In the meantime, the administration keeps filing these twice-a-year reports to Congress, as if they complied with the Resolution’s requirement for periodic updates “on the status of such hostilities … as well as on the scope and duration of such hostilities.” As if a two-sentence paragraph could adequately capture a campaign that has killed more than 300 people — among them at least one American teenager and dozens of civilians. As if you could take seriously the administration’s contention that it has only targeted a “limited number” of Yemenis “who posed a terrorist threat to the United States and our interests.” As if all 155 people killed by US drones were planning to blow up Times Square or something. As if the United States weren’t targeting people there based on their perceived actions, rather than their positions in the al-Qaida hierarchy. As if Yemen weren’t in an active civil war, with the United States taking up the government’s side.
In an email to Danger Room, an administration official admits that US operations are being directed at more than just a few people. “Our CT [counter terrorism] efforts in Yemen are embedded in a broader effort to stabilize the country,” the official writes, “and they balance the need to address near-term threats against US interests with longer-term initiatives to build Yemeni capacity, strengthen its judicial system, empower local communities to reject violent extremism, and address the upstream factors that al-Qaida exploits for recruitment. Overcoming Yemen’s challenges requires a comprehensive strategy that emphasizes governance and economic development as much as security issues.”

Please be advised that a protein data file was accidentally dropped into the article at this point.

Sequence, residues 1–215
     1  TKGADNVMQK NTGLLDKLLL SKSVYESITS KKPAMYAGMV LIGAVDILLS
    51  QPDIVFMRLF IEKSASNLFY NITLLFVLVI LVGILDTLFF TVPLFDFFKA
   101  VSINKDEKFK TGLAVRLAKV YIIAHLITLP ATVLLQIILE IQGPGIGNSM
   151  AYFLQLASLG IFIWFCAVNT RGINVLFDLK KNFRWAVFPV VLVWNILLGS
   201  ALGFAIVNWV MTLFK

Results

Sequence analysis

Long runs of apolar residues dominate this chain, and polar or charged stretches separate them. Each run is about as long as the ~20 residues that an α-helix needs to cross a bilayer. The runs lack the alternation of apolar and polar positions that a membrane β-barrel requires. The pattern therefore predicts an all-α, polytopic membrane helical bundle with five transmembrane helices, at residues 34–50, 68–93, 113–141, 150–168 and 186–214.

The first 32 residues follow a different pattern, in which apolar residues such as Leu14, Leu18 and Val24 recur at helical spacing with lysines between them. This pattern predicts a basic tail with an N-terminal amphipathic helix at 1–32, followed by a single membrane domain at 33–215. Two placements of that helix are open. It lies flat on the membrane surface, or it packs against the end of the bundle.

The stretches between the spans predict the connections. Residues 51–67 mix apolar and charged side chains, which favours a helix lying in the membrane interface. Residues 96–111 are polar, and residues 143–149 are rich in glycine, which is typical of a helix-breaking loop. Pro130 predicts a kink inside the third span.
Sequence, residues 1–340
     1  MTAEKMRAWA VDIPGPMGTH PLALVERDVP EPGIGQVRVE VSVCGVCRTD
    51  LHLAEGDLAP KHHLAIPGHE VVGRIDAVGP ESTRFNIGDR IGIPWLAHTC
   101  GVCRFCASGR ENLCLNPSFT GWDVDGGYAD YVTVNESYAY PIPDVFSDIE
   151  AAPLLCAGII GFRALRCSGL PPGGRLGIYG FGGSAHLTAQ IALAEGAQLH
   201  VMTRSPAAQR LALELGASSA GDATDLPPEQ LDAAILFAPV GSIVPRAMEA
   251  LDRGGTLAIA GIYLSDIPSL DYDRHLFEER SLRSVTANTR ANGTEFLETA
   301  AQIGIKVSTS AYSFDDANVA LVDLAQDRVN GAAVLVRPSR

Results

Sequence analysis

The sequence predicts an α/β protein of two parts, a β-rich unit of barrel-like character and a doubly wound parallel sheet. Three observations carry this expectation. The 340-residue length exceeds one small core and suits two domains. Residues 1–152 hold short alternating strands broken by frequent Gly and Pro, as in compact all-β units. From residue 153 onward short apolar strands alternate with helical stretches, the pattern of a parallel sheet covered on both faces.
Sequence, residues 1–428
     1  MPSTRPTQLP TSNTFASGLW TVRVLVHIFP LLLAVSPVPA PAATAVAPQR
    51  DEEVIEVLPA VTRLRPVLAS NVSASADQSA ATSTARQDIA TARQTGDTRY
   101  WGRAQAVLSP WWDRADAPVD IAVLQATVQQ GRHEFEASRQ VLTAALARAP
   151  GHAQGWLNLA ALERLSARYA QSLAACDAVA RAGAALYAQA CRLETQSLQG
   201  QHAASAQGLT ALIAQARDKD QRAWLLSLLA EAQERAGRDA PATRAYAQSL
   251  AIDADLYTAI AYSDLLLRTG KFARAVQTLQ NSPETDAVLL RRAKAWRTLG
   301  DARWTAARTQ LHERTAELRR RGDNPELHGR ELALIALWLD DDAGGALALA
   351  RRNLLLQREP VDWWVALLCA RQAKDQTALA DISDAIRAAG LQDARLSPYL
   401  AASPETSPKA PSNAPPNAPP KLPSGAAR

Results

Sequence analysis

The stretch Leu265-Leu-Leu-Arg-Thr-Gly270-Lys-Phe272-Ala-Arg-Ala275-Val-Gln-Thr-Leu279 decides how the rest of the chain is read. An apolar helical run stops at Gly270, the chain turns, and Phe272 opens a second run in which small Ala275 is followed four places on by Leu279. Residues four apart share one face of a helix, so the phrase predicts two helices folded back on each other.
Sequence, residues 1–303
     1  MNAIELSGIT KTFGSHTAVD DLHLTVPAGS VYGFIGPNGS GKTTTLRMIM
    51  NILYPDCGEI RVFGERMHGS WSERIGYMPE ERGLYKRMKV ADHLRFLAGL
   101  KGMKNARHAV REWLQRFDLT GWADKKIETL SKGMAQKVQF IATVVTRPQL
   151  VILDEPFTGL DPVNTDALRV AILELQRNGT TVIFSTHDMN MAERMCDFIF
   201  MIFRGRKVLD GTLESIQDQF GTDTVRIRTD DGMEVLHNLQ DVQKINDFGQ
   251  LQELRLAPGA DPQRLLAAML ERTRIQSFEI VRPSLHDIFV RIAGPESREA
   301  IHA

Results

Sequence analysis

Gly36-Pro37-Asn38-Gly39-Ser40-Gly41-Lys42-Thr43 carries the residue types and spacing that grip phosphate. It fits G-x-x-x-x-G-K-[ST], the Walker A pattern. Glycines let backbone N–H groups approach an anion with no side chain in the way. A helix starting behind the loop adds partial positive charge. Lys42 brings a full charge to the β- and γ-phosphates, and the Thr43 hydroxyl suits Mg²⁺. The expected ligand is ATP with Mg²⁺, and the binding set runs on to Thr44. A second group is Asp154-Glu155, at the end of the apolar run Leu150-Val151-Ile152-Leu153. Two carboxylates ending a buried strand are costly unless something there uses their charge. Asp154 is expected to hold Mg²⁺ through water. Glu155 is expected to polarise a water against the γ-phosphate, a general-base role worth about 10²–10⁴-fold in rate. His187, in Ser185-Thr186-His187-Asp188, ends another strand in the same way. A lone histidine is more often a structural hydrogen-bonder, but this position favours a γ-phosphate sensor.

In other words, this isn’t a targeted operation to take out a small band of terrorists plotting against America. It’s a full-blown campaign to build Yemen up from the ground.
“Let’s be honest here. This is hardly what was intended when the War Powers resolution was passed,” says Peter Singer, who oversees my work at the Brookings Institution’s 21 Century Defense Initiative. (And, it should be noted, was an early supporter of Barack Obama’s presidential campaign.) “It’s not merely the belated and thin nature of disclosing what has already been widely known. It’s the selectivity. You aren’t supposed to shop when and where you choose to follow a law on war powers.”
But as ridiculous as the Yemen admission is, it’s an improvement over the report’s treatment of Pakistan: none at all. The president may openly discuss the CIA-directed drone campaign in Pakistan, and the Secretary of Defense may proclaim that “we are fighting a war against terrorism” there. The report, however, gives absolutely no indication of any fighting going on in Pakistan whatsoever. The likely excuse is that Pakistan shouldn’t be part of the report, since the CIA is technically in charge of the Pakistan war. Of course, that ignores the military troops that’ve conducted raids and trained local soldiers in Pakistan, as well as the fact that many of the drones over Pakistan actually belong to the US Air Force.
In perhaps the report’s grandest irony, the administration gives greater attention to the war that officially ended last year — the one in Iraq — than the ones currently fought today in Pakistan and Yemen. Of course, these shadow wars will never have a moment like the one in December 2011, when the last US soldier departed. And even if they ever do, the White House won’t tell you about it, anyway.